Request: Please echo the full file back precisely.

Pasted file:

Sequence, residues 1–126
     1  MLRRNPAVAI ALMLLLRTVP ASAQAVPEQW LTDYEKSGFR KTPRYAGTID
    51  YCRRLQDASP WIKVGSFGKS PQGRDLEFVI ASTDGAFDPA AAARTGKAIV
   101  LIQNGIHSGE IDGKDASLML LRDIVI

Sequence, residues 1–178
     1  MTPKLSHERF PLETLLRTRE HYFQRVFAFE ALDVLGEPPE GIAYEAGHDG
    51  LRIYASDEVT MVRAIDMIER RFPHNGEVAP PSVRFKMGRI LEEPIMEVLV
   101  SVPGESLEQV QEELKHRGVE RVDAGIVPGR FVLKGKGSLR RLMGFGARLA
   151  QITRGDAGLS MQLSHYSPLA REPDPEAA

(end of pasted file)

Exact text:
Sequence, residues 1–126
     1  MLRRNPAVAI ALMLLLRTVP ASAQAVPEQW LTDYEKSGFR KTPRYAGTID
    51  YCRRLQDASP WIKVGSFGKS PQGRDLEFVI ASTDGAFDPA AAARTGKAIV
   101  LIQNGIHSGE IDGKDASLML LRDIVI

Sequence, residues 1–178
     1  MTPKLSHERF PLETLLRTRE HYFQRVFAFE ALDVLGEPPE GIAYEAGHDG
    51  LRIYASDEVT MVRAIDMIER RFPHNGEVAP PSVRFKMGRI LEEPIMEVLV
   101  SVPGESLEQV QEELKHRGVE RVDAGIVPGR FVLKGKGSLR RLMGFGARLA
   151  QITRGDAGLS MQLSHYSPLA REPDPEAA